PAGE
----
Blockading countries must apologise to Qatar before dialogue, says minister

Blockading countries must apologise to Qatar before dialogue, says minister
Qatar's Defence Minister Khalid al-Attiyah said the Arab nations imposing a blockade on Doha must first apologise before attempting to engage in dialogue, during a meeting with his Russian counterpart.
2 min read
24 August, 2017
Al-Attiyah made the comments during a meeting in Moscow [Getty]
The resolution to the Gulf crisis will only begin with an apology from the Saudi-led Arab bloc, Qatar's defence minister said on Wednesday.

Saudi Arabia, United Arab Emirates, Bahrain and Egypt should begin to apologise for the hacking of the Qatar news agency and the Gulf state’s leader Sheikh Tamim bin al-Hamad before entering into a dialogue in Kuwait, Khalid bin Mohammed al-Attiyah said during a meeting with his Russian counterpart in Moscow.

“The solution to the Gulf crisis is clear,” al-Attiyah said. "The siege countries should apologise for hacking the QNA website and fabricating statements attributed to the Emir HH Sheikh Tamim bin Hamad al-Thani, lifting the siege, and then going to Kuwait for the dialogue,” al-Attiyah said.

Qatar maintains its position on its willingness to engage in dialogue with the neighbouring states, al-Attiyah confirmed.

The comments were made during a meeting between al-Attiyah and Russian Defence Minister Sergey Shoigu in Moscow, where the two senior officials discussed potential military arms deals, as well as developing bilateral relations.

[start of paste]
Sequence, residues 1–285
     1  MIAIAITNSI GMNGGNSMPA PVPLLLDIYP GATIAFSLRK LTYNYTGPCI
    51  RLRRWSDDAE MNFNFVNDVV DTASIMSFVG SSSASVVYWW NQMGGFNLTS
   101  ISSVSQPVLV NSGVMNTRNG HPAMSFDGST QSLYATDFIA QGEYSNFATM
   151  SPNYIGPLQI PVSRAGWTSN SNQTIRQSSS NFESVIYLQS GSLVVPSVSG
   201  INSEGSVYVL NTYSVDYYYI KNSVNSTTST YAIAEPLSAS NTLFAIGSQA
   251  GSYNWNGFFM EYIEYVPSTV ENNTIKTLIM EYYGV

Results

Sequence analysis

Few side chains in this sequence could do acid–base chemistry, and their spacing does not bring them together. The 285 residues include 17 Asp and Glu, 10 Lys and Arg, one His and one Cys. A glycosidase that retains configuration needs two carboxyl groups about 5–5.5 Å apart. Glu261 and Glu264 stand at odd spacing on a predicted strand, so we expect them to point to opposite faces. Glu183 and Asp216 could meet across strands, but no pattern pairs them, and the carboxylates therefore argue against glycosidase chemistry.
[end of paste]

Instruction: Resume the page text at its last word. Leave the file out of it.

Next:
“As far as our mutual cooperation is concerned, this is not just the purchase of air defence systems but also technologies. We would like to develop this industry and bring this technology to Qatar," al-Attiyah told Shoigu.

Since June 5, Saudi Arabia and allies Bahrain, Egypt and the United Arab Emirates shut down air, maritime and land links with Qatar, and imposed economic sanctions, accusing Doha of supporting "terrorists" and of being too close to Iran.

Qatar, categorically denying the charges, accuses its Gulf neighbours of seeking to strangle its economy.

The tiny emirate, which hosts a population of 2.6 million, 80 percent of them foreigners, ranks as the world's richest on a per-capita basis, according to the International Monetary Fund.

It holds a staggering $330 billion in a sovereign wealth fund, with assets heavily invested abroad, and has spent billions on developing its military capabilities in recent years.